Bootstrapped startups and the shit I learn in therapy

It’s easy to fall in love with your app.

After all, this started with an app idea. It lodged itself inside you and tugged at your heart ❤️ strings for ages. Slowly it grew 🌱, evolving from an idea to something resembling a plan.

You spent years using other people’s apps, and thinking of all the things you would differently. The way your bank’s website handles login drives you crazy. How can someone smart enough to work at Facebook seriously think comments should work like that?? When it’s your turn, you were going to do things differently.

You scrimped and saved in order to pay a developer to help you bring your idea to life. You poured over wireframes and mockups with them, making sure everything was just right.

Now, this is no longer an idea, it’s your baby 👼 and you’re starting to see it come to life.

But it’s a trap.

Falling in love with your app may kill your business. ☠️

I know because it almost killed mine.

When we started Krit we weren’t an agency, we were a startup. We spent a year and a half designing, building and sweating the little details. 😅

We designed and built an animation when you first logged into our app with a little plane 🛩 pulling a banner across the screen that welcomed you by name.

When we finally launched we got signups. A few thousand signups in the first week actually. Of all those users 2 paid us money. It was crushing.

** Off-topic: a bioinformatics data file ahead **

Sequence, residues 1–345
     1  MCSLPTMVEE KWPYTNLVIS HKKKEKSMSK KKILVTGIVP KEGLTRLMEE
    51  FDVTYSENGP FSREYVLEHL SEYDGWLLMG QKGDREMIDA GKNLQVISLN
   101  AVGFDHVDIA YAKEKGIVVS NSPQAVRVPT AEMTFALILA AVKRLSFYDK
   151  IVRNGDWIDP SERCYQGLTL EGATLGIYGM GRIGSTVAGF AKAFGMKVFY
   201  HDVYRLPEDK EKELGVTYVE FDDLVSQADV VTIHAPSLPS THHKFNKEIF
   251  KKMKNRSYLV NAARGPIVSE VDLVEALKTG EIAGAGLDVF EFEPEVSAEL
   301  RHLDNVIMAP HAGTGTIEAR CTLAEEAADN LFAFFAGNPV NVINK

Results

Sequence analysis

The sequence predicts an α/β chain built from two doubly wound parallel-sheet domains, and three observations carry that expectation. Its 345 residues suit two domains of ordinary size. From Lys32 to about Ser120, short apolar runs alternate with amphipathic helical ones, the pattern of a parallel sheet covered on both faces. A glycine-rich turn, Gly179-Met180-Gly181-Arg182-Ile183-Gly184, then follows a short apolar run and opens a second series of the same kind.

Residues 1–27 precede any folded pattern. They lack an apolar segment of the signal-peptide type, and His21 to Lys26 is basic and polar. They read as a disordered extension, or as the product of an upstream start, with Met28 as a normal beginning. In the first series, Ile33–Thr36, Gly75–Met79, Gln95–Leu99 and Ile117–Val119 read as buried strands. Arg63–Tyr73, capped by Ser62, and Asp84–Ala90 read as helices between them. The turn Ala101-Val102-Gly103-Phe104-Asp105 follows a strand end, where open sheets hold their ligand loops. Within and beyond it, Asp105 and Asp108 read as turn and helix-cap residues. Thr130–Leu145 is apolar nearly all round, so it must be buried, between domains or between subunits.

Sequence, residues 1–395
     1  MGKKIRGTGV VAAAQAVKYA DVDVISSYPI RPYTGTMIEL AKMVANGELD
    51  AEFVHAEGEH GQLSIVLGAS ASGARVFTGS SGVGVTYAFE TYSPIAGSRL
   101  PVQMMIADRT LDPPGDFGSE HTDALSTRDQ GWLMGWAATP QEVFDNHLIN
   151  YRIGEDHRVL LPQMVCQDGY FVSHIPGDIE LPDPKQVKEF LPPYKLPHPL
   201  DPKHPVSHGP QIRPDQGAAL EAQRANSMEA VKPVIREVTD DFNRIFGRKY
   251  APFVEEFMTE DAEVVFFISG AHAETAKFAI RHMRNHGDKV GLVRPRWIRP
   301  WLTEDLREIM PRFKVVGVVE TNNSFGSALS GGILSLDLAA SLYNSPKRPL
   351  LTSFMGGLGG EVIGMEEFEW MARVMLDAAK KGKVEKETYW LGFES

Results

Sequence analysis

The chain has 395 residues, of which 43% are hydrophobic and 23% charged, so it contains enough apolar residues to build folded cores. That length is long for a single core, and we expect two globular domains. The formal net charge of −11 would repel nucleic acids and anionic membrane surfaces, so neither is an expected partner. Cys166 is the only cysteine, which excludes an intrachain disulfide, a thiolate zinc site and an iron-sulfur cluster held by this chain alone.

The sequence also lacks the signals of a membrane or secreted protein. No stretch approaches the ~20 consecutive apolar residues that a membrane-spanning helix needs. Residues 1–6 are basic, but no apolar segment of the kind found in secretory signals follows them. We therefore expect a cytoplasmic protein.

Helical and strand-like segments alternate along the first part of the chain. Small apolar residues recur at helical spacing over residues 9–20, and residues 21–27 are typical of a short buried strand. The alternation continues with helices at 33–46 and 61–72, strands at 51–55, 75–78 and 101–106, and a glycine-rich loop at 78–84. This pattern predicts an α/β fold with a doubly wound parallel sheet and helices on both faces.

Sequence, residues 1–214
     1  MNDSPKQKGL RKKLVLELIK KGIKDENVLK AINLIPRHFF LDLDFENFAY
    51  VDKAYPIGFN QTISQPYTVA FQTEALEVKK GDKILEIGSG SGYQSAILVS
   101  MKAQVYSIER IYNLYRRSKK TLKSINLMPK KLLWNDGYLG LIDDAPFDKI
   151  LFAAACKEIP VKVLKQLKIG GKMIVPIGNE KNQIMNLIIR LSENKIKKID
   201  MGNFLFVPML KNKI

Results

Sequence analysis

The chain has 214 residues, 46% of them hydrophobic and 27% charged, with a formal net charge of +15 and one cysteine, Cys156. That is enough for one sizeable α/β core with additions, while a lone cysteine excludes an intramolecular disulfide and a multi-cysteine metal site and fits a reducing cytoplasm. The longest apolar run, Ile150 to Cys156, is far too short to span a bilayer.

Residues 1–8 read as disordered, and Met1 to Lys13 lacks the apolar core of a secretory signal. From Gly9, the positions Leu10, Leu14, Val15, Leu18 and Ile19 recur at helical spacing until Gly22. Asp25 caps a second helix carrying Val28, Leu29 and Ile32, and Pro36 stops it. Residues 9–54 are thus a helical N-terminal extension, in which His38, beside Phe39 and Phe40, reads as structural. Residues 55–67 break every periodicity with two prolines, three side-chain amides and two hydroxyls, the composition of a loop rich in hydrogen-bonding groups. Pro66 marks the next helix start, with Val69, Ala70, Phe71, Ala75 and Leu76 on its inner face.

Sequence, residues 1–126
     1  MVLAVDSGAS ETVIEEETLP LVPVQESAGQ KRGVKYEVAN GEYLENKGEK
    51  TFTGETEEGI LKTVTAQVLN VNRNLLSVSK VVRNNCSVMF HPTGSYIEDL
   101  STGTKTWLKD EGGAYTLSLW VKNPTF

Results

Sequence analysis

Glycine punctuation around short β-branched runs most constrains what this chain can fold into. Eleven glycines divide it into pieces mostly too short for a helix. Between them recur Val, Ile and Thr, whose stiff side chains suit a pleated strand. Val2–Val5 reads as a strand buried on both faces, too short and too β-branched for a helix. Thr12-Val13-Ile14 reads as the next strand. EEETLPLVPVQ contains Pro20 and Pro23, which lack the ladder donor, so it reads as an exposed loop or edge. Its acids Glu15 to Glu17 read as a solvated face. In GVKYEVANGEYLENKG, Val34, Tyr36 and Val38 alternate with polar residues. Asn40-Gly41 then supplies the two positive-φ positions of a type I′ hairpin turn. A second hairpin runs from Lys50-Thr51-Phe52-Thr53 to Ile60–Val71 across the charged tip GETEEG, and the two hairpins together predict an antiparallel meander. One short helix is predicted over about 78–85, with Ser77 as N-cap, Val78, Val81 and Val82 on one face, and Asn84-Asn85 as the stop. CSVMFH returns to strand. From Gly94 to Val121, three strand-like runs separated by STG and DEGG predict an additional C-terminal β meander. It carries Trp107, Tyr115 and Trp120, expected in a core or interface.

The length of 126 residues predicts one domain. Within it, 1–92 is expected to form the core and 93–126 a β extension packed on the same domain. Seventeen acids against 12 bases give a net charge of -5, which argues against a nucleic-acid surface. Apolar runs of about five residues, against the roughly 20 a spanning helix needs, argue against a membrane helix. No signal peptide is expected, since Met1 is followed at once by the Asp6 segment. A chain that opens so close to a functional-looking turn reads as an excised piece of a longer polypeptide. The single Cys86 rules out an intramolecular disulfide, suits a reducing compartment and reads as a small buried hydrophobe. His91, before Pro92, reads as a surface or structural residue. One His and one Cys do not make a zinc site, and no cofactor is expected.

By that point, we were out of money, out of time and out of energy. We had an app that we loved, but no business.

You know how reluctant you are to pay $0.99 for a game in the App Store? Or $9.99 per month for another video streaming service? 🙅‍♀️ Your users are the same way.

They don’t care about your app. They’re not going to give you their money because you have the prettiest login form out there. They’re definitely not going to pay your monthly subscription because you have an animation of a plane on your welcome screen.

That’s not to say design isn’t important.

Our design got us noticed. It gave us credibility when we were still a young company that didn’t know much of anything, and it won us a handful of fans.

But if you want to survive (if you want to achieve all of those lofty goals you have in the back of your mind) there has to be a balance.

Fall out of love with your app, and fall in love with your business.

Your app is part of your business, but it’s not all of it, and so it shouldn’t get all of your time.

Get the design to a point where it’s good enough and move on. Spend your time instead obsessing over your customers’ pain points, the quality of your customer service, the reach of your marketing and your conversion rates. 📈

If you’re successful, there will be plenty of time to sweat the little details.One day you'll have a team under you whose job is to do just that.

If you’re not successful in business, the details won’t matter.

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